I remember putting Nate in his wheelchair after he had mostly recovered from his cold and noticed something looked off.  Nate's arms were just dangling there.  I asked him to lift his arms up.  He struggled and twisted but couldn't move his arms.

I was devastated. I still remember (probably because I still feel it) the sickening, icy feeling explode in my stomach.

Nate had always been able to lift his arms up to about shoulder height. He was strong enough to play with toys and manipulate an ipad. 

That was all gone now. We knew it and it wasn't long before Nate understood what it meant. 

I don't know if a 6 year old can actually be depressed but it seemed like Nate was. For a couple of weeks he was angry, sad and not interested in doing anything but laying on his back.  It was, still is, heartbreaking.

I don't like writing blog posts about this kind of stuff.  I don't like it for two reasons; I don't like writing to the world about such personal feelings and it's too easy for this kind of dialogue to come off as self-pitying.  And when so many others have had to deal with so many harder things than us it feels embarrassing.

But I do want to put this stuff out there because I think it is important to see what goes on with families that have disabled members.  Just like I think it's important for Nate to get out of the house and not only experience things that may be difficult for us but for other kids to see that people like Nate exist.

We've been working hard with him and trying to build his strength back. He has made progress but is still only about 50% of what he used to be. Mostly we just feel drained, but every few days or so I'll see Nate try and do something he used to do easily like pick up a Goldfish.  And he'll struggle to pick it up and if he does manage he will wriggle his whole body trying as hard has he can to get it to his lips.  This breaks me. It's a new status quo for us and it feels bleak.

We don't know if he'll ever get that strength back but nothing can keep Nate down for long.  He's excited out of his mind for summer and he has a new baby cousin. For anyone who doesn't know Nate's feelings on babies, this should help: 


This was after he laid about 1,000 kisses on the poor victim....er newborn.



He also graduated from kindergarten this last week.  Which apparently is a thing. Here's Nate and his two cousins.  I don't know the third child on the floor but I do know that he loves donuts and was not going to move from his donut eating spot for our picture.  I can respect that.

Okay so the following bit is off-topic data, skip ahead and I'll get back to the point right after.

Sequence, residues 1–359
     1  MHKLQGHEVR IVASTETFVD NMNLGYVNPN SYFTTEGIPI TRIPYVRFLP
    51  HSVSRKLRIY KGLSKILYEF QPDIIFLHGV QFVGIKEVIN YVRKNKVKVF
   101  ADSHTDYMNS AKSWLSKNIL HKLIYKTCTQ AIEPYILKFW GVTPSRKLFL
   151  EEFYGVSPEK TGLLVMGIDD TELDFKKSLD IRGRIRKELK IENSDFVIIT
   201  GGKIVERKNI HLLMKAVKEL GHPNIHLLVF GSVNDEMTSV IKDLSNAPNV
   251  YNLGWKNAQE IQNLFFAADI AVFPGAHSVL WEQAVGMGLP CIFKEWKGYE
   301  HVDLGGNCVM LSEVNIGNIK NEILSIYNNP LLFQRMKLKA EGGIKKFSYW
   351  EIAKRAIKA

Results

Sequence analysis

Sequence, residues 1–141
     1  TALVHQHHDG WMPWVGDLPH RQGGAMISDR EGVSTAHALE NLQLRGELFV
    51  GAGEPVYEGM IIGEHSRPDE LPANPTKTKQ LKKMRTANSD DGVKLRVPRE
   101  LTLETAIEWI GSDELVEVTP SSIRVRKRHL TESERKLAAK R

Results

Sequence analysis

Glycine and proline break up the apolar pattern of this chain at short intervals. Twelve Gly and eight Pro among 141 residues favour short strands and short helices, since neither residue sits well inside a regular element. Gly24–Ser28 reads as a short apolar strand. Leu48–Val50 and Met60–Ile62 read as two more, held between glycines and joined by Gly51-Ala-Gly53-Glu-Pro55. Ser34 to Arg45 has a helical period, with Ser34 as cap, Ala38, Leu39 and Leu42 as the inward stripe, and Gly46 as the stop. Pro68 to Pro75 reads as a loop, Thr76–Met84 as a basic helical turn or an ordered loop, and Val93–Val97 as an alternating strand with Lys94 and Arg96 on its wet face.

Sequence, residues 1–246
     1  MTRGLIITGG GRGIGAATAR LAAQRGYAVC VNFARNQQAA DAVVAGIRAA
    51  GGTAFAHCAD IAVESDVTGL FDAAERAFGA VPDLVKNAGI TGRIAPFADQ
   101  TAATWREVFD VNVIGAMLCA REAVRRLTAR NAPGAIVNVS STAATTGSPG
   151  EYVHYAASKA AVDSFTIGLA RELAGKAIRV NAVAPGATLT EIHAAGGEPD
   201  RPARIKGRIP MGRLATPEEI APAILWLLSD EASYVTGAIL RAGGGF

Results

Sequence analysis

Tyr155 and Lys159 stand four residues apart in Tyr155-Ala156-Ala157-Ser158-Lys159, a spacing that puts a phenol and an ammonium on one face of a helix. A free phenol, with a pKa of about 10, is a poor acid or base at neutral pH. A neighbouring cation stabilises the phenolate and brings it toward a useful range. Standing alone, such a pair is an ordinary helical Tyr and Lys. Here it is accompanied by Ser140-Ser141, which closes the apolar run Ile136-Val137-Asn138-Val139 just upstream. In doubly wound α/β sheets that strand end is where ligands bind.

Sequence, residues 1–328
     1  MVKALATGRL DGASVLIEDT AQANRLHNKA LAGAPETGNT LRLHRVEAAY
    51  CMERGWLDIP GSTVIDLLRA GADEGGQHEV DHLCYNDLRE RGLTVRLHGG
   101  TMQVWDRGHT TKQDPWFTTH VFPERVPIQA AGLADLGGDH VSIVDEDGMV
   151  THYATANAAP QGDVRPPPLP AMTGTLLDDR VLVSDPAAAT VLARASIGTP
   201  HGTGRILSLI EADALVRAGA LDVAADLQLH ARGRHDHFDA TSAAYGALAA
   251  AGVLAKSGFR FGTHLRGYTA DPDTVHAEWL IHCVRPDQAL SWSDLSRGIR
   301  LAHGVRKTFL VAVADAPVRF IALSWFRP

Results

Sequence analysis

Nate is also up to his old tricks again.  This time he invented a spoof of Teenage Mutant Ninja Turtles, Teenage Mutant Ninja Genes.  Here's the theme song he made.


So yeah, Narcoleptic Tongan wrestlers. We still don't know why Nate's breathing is so different, his sleep patterns are erratic, his colitis always seems on the verge of flaring up and now he's got the arms of a T-Rex. We're off our game. Whatever develops though, as long as we've got Nate making up theme songs to his own shows, we'll be okay.


Saturday, April 16, 2016

the BEACH!

I had this conversation with Nate today:

Nate: Dad!  We should build a robot Loch Ness monster
Me: I don't know if we could manage that Nate.
Nate: We could build it like they do in Jurassic Park.
Me: You want to make a Loch Ness monster like they made dinosaurs in Jurassic Park?
Nate: Yeah!
Me: Well, they can't really make dinosaurs like...
Nate: Yeah - scientists can make dinosaurs with dinosaur DNA but it doesn't work because the DNA is too old.  But if the Loch Ness monster is a Plesiosaurus then its DNA wouldn't be too old and we could make another one.
Me: ...Who are you?

This is Nate.  This all started because we were at the beach today.  A sort of redo from our fun yet failed attempt at doing the beach thing about a month ago. We went to the beach to walk along the nice paved path that overlooks the beach.  It's a nice walk and allows Nate the ability to drive his power chair along the beach.  But soon walking above the beach wasn't enough.  We wanted to get down in the sand.